chopped cilantro, to garnish
peanuts, to garnish

Saute onion, garlic and ginger in vegetable oil for a few minutes. Powder the red chili with a mortar and pestle, or substitute already powdered chilis. Add lemon zest, lime zest, galangal, ground coriander, fish sauce, tamarind paste, coconut milk and peanut butter. Stir over medium fire until well combined.

Add the meat first, if using, and cook to desired tenderness. Add vegetables, if using, and simmer until tender. Garnish with cilantro and peanuts.

The panang curry went over well with all dinner guests. Sabrina mentioned that it was a little peanut-ty for her taste, but acknowledged that such level of peanut flavor was likely not contrary to the nature of the dish, but rather just not to her personal taste. As a result, I built some flexibility into the above recipe; feel free to include less peanut butter for a lighter peanut taste, or more for a thorough peanut taste.

All in all, the No-Paste Thai Curry Experiment was a success; Sabrina expressed congenial surprise that it all turned out so well when the endeavor seemed so free-form at the start. All three curries were much enjoyed with the jasmine rice and Bota Box Chardonnay brought by Sabrina.

One footnote to this curry meal—when everyone arrived and started drinking, we quickly realized that the not-so-imminent readiness of the curries might spell disaster with drinks on an empty stomach. To keep the booze from flooding so quickly to our heads we’d be drunk by dinner, I set out some mango cheese spread and crackers, left over from the holidays. The improvised appetizer was an unintentional hit! This spread doesn’t properly belong to any type of Asian cuisine, but it is curry-inspired, so for the sake of completeness, here it is:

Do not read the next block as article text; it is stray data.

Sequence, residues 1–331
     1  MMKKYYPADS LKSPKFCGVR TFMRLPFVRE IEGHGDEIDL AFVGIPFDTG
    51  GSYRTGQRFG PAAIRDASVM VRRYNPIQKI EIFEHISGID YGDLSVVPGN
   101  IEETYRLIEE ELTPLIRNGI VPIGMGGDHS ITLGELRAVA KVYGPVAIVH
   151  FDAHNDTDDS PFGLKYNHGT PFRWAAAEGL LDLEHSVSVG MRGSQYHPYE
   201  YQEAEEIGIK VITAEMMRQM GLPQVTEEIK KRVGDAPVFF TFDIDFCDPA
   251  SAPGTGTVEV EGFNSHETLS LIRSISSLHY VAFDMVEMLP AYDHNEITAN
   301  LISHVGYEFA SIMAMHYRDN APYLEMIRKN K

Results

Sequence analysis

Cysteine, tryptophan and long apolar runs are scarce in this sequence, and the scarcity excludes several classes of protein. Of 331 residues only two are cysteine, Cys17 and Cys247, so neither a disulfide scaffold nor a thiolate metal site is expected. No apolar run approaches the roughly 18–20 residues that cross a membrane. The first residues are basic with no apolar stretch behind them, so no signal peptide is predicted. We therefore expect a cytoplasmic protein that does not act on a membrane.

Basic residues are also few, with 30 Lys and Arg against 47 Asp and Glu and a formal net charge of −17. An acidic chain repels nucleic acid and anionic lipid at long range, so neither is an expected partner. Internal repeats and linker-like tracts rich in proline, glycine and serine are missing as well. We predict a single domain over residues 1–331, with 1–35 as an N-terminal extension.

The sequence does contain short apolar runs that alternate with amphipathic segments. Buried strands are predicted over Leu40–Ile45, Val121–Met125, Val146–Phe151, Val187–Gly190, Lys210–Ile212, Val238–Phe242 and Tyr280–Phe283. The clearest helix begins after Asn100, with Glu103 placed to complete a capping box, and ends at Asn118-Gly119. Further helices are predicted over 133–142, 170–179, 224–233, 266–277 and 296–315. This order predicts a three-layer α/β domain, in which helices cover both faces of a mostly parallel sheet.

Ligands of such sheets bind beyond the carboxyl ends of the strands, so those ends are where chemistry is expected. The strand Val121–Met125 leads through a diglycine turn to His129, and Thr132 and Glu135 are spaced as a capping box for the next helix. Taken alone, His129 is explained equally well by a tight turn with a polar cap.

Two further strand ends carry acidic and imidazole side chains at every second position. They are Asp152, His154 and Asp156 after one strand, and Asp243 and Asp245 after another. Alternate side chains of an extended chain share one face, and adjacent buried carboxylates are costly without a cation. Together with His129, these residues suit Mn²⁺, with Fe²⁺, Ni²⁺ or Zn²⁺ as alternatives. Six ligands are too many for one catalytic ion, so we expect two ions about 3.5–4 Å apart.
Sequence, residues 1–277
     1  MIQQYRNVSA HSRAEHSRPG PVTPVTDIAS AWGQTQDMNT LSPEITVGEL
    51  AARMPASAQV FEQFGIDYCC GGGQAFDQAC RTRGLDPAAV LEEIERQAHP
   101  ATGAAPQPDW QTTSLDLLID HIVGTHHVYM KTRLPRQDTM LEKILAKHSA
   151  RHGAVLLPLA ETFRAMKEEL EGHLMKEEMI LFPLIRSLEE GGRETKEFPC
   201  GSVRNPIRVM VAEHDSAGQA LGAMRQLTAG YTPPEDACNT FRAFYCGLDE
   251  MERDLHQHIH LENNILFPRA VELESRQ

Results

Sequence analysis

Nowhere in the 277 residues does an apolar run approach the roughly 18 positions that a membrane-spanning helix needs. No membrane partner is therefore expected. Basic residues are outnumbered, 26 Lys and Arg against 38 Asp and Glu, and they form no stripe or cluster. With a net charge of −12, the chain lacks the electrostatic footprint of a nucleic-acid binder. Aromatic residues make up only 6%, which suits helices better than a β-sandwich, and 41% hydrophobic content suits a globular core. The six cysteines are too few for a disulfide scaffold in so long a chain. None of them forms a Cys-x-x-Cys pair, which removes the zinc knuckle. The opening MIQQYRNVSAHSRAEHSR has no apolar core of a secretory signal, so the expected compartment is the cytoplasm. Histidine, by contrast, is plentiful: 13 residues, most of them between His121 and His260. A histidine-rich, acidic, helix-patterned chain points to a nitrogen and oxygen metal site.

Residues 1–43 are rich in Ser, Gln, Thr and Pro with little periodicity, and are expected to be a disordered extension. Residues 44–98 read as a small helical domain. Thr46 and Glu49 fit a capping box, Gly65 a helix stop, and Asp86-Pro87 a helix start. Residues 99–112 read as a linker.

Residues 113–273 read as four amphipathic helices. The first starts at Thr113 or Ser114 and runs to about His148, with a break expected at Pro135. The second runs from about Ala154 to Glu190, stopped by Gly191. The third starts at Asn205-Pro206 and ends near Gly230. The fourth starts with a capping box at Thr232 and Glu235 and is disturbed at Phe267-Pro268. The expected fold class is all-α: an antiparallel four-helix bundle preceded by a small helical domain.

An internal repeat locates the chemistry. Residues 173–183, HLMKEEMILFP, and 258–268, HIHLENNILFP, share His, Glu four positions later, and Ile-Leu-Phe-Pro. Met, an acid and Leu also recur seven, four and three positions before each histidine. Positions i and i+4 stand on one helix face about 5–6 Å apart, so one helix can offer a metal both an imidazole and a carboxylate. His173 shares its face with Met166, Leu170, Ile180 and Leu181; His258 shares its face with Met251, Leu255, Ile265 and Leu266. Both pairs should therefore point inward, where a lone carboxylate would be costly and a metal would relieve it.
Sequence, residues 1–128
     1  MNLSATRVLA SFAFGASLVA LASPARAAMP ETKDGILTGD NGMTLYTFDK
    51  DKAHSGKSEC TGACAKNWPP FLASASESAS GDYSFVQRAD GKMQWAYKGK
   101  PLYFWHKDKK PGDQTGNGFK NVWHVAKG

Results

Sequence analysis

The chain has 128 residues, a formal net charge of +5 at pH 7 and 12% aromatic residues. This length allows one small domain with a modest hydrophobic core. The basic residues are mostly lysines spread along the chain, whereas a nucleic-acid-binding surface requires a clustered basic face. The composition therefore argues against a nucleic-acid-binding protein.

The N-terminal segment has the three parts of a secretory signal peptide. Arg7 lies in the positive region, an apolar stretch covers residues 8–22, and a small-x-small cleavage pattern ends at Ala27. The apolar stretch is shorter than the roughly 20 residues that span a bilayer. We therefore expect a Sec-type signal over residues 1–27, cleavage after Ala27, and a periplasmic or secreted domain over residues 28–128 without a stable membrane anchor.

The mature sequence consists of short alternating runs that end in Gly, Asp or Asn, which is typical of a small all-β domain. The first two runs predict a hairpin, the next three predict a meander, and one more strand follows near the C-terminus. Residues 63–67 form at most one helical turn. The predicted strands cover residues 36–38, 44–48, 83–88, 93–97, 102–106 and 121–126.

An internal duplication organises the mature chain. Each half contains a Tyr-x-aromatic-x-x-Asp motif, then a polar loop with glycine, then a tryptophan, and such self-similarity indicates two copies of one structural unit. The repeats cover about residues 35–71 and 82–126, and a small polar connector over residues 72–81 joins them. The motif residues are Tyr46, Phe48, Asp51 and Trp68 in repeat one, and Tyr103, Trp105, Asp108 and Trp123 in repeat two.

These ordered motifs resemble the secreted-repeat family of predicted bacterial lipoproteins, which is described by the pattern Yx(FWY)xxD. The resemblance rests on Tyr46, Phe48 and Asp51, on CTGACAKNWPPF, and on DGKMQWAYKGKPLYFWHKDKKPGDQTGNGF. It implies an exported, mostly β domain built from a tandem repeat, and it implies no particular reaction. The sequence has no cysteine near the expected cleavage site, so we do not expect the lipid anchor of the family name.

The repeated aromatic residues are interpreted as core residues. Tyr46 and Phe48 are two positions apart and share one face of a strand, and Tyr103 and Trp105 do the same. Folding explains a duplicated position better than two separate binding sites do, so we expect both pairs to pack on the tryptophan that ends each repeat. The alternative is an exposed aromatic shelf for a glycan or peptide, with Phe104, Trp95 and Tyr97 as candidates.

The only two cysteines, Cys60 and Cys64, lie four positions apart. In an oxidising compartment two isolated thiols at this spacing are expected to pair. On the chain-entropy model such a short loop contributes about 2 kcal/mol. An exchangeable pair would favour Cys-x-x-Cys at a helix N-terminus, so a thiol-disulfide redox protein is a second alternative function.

SARAH’S MANGO CHEESE SPREAD

1 (8 oz) package of cream cheese
1/4 cup mango chutney
1 small onion, chopped
1/2 cup unsalted, blanched nuts (almonds, cashews, etc)
2 teaspoons ground ginger
2 teaspoons garam masala
1 teaspoon turmeric
1/4 teaspoon cinnamon
1/4 teaspoon cardamom

Combine all ingredients in a food processor and puree until smooth. Chill at least two hours before serving.

Butter Chicken Adventures

Apparently, it’s White Girls Making Indian Meals Day here on the blog. Hurrah!

A while ago I tweeted that I’d like to take a look at 50 Great Curries of India by Camellia Panjabi, as it was recommended by Francis Lam, who’s writing I’ve enjoyed on Salon.com and who is also very nice on Twitter. Turned out Sarah owned this book, and she lent it to me.

I have tried in the past to make curries, both Indian and Thai, from recipes gleaned from the Internet; all of them my husband has hated. This is an impediment, surely, since, y’know, that’s half of my cooking audience, generally. One of the problems with cooking for myself and my fuzzier half is that we have very different taste buds, or so it seems. He has a very sensitive palate, and is laid low by what I consider to be very mild levels of spiciness. On the other hand, I prefer very strong flavors and very spicy dishes. He thinks that my taste buds are in some way lacking in efficacy, and he may well be right, but I think this has its advantages: I genuinely like the taste of those bitter, dark green vegetables that one is always being told to consume for health, I can appreciate a good peaty Scotch, and I never look like one of those Middle American, Golden Corral patron-types when I go out to dinner to an “ethnic” restaurant. (A related aside: Nick and I went to lunch at Taste of India last week. There, we overhead one of said Middle Americans lecturing the Indian waiter, “Well, y’know, we Americans like middle-of-the-road stuff – nothing too spicy.” Sigh!)